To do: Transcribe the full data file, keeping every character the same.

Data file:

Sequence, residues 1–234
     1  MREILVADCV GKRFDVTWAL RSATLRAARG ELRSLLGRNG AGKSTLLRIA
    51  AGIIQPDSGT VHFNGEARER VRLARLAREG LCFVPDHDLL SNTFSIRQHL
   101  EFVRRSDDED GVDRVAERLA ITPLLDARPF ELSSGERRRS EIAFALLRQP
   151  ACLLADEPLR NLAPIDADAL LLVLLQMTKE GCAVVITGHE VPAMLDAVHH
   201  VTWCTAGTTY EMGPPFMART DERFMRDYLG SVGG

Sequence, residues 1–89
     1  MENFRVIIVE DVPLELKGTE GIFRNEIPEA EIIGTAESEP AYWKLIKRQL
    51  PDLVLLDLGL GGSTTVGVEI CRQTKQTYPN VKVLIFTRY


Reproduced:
Sequence, residues 1–234
     1  MREILVADCV GKRFDVTWAL RSATLRAARG ELRSLLGRNG AGKSTLLRIA
    51  AGIIQPDSGT VHFNGEARER VRLARLAREG LCFVPDHDLL SNTFSIRQHL
   101  EFVRRSDDED GVDRVAERLA ITPLLDARPF ELSSGERRRS EIAFALLRQP
   151  ACLLADEPLR NLAPIDADAL LLVLLQMTKE GCAVVITGHE VPAMLDAVHH
   201  VTWCTAGTTY EMGPPFMART DERFMRDYLG SVGG

Sequence, residues 1–89
     1  MENFRVIIVE DVPLELKGTE GIFRNEIPEA EIIGTAESEP AYWKLIKRQL
    51  PDLVLLDLGL GGSTTVGVEI CRQTKQTYPN VKVLIFTRY